Tension Between Incoming Data and Forecast

Thursday, August 03, 2006 | 07:07 AM

“The lags between policy actions and their effects imply that we must be forward-looking, basing our policy choices on the longer-term outlook for both inflation and economic growth. In formulating that outlook, we must take account of the possible future effects of previous policy actions – that is, of policy effects still ‘in the pipeline’.”   
-Ben Bernanke’s July 19 semi-annual monetary policy report to Congress


The quote above comes from Paul McCulley's commentary for August. In it, he hits upon similar notes we made yesterday regarding Mortgage apps, housing and consumer spending. As mortgage rates increase and housing slows, we can expect the impact on consumers to be significant:



The uptake of both the quoted paragraph and the chart above is fairly obvious: Hosuing is already rolling over, and will likely take consumer spending with it. Consider also there is at least 6 months to a year worth of rate hikes whose impact have not yet been fully felt in the economy.

Hence, why Pimco thinks the Fed is done, why the Center for Economic and Policy Research believes the Housing slow down will have wider repercussions, and why NYU's Nouriel Roubini believes a recession is most likely unavoidable.




The August 8th Fed meeting approaches during what may very well be the turning point in the economy. Corporate profits have been strong, but guidance has been soft; Good numbers do not get rewarded, but bads numbers get punished. Real Estate's impact on the rest of the economy is impossible to ignore. Defensive sectors in the market -- Utilities, Consumer Staples, Insurance, Health Care -- are all doing better than the (speculative) alternatives.

With Housing on the wane, I simply do not see evidence that anything else -- CapEx spending? Commercial Real Estate? -- will step into its place.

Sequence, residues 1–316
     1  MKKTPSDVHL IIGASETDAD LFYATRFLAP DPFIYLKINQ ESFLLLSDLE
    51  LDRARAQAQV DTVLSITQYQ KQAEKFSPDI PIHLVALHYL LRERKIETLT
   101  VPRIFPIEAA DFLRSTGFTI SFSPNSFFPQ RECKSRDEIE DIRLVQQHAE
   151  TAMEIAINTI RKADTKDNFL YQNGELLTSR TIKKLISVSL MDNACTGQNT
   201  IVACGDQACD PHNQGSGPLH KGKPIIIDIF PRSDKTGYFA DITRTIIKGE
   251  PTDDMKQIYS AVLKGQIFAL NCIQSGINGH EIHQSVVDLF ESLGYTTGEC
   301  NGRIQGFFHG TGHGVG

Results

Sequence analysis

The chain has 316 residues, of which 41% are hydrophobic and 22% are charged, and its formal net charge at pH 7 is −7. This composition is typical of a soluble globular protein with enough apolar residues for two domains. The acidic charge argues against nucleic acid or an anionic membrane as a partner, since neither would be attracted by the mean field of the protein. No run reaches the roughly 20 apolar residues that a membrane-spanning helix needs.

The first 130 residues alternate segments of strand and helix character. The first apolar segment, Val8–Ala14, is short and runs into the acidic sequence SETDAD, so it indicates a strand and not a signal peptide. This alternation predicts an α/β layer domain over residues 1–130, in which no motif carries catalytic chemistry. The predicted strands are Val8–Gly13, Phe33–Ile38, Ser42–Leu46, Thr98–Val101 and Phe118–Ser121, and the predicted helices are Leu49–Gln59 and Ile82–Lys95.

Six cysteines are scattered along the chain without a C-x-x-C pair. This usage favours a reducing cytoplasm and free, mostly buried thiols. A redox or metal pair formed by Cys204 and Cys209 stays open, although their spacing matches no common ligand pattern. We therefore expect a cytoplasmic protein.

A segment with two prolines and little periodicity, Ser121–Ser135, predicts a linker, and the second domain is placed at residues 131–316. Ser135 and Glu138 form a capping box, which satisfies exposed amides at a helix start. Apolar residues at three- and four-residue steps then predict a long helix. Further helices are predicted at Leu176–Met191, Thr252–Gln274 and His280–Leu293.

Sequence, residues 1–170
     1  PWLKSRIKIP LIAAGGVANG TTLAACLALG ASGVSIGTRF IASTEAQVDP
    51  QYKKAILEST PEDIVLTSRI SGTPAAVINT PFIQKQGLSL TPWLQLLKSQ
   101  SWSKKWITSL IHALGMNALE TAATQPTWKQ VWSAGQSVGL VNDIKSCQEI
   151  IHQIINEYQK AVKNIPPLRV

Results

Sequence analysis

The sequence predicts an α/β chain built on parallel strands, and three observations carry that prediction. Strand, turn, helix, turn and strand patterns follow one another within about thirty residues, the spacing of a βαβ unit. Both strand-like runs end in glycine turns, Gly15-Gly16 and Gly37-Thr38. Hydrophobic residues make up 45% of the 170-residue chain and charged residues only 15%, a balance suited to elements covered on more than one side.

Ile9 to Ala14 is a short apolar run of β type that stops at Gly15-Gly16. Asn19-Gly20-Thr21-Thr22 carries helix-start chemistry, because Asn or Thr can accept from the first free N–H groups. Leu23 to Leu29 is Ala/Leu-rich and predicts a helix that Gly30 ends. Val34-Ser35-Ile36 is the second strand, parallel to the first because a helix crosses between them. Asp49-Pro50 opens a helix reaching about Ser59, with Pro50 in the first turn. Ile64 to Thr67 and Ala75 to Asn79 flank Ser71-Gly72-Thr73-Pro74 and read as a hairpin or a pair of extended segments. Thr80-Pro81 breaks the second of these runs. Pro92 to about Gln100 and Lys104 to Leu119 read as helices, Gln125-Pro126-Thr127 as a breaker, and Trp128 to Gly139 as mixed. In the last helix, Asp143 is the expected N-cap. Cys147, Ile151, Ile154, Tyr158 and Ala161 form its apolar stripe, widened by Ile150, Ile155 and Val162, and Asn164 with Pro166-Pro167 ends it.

Hence, we go back to McCulley: "Central banking is the art and science of decision-making under uncertainty." As the recent data makes clear, we have uncertainty in spades these days: The economy is slowing, while at the same time inflation seems to be accelerating at the core. 

If not the long sought after pause, at the very least we should expect to hear very different noise from the Fed come August 8th:  Either they stop, or they announce their intention to do so.


Don't Shoot Ben and Don't Short Bonds
Global Central Bank Focus
Paul McCulley and Andrew Balls | August 2006

Weakening Housing Market Slows Economy
Dean Baker
CEPR, July 28, 2006

Why a Fed Pause or Even An Easing Will Not Prevent the Coming U.S. Recession
Nouriel Roubini
RGE,  Jul 31, 2006

Thursday, August 03, 2006 | 07:07 AM | Permalink | Comments (24) | TrackBack (0)
de.li.cious add to de.li.cious | digg digg this! | technorati add to technorati | email email this post



TrackBack URL for this entry:

Listed below are links to weblogs that reference Tension Between Incoming Data and Forecast:


The BOE had a big surprise for traders in England who discounted the inflation threat and their own housing bubble.

Is there a surprise in store for us on Tuesday?

Posted by: Craig H | Aug 3, 2006 8:17:32 AM

The comments to this entry are closed.

Recent Posts

December 2008
Sun Mon Tue Wed Thu Fri Sat
  1 2 3 4 5 6
7 8 9 10 11 12 13
14 15 16 17 18 19 20
21 22 23 24 25 26 27
28 29 30 31      


Complete Archives List



Category Cloud

On the Nightstand

On the Nightstand

 Subscribe in a reader

Get The Big Picture!
Enter your email address:

Read our privacy policy

Essays & Effluvia

The Apprenticed Investor

Apprenticed Investor

About Me

About Me
email me

Favorite Posts

Tools and Feeds

AddThis Social Bookmark Button

Add to Google Reader or Homepage

Subscribe to The Big Picture

Powered by FeedBurner

Add to Technorati Favorites


My Wishlist

Worth Perusing

Worth Perusing

mp3s Spinning

MP3s Spinning

My Photo



Odds & Ends

Site by Moxie Design Studios™